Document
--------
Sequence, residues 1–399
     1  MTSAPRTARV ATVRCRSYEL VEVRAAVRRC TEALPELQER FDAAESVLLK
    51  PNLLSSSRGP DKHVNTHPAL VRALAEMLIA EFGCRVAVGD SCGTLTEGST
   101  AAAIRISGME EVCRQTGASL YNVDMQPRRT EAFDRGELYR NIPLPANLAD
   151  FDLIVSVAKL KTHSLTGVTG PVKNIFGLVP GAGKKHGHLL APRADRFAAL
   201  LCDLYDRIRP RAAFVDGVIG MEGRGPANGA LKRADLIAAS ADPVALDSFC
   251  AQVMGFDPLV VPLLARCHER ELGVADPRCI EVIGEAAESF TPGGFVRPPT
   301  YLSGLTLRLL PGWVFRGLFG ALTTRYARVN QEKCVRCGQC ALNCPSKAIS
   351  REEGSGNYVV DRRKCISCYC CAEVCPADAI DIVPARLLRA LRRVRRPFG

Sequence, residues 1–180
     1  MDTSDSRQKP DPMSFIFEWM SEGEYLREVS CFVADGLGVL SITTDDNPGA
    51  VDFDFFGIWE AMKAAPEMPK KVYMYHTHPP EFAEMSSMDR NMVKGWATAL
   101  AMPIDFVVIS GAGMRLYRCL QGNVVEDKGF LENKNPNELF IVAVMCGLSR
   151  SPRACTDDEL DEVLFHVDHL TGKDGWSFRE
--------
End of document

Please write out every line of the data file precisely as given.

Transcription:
Sequence, residues 1–399
     1  MTSAPRTARV ATVRCRSYEL VEVRAAVRRC TEALPELQER FDAAESVLLK
    51  PNLLSSSRGP DKHVNTHPAL VRALAEMLIA EFGCRVAVGD SCGTLTEGST
   101  AAAIRISGME EVCRQTGASL YNVDMQPRRT EAFDRGELYR NIPLPANLAD
   151  FDLIVSVAKL KTHSLTGVTG PVKNIFGLVP GAGKKHGHLL APRADRFAAL
   201  LCDLYDRIRP RAAFVDGVIG MEGRGPANGA LKRADLIAAS ADPVALDSFC
   251  AQVMGFDPLV VPLLARCHER ELGVADPRCI EVIGEAAESF TPGGFVRPPT
   301  YLSGLTLRLL PGWVFRGLFG ALTTRYARVN QEKCVRCGQC ALNCPSKAIS
   351  REEGSGNYVV DRRKCISCYC CAEVCPADAI DIVPARLLRA LRRVRRPFG

Sequence, residues 1–180
     1  MDTSDSRQKP DPMSFIFEWM SEGEYLREVS CFVADGLGVL SITTDDNPGA
    51  VDFDFFGIWE AMKAAPEMPK KVYMYHTHPP EFAEMSSMDR NMVKGWATAL
   101  AMPIDFVVIS GAGMRLYRCL QGNVVEDKGF LENKNPNELF IVAVMCGLSR
   151  SPRACTDDEL DEVLFHVDHL TGKDGWSFRE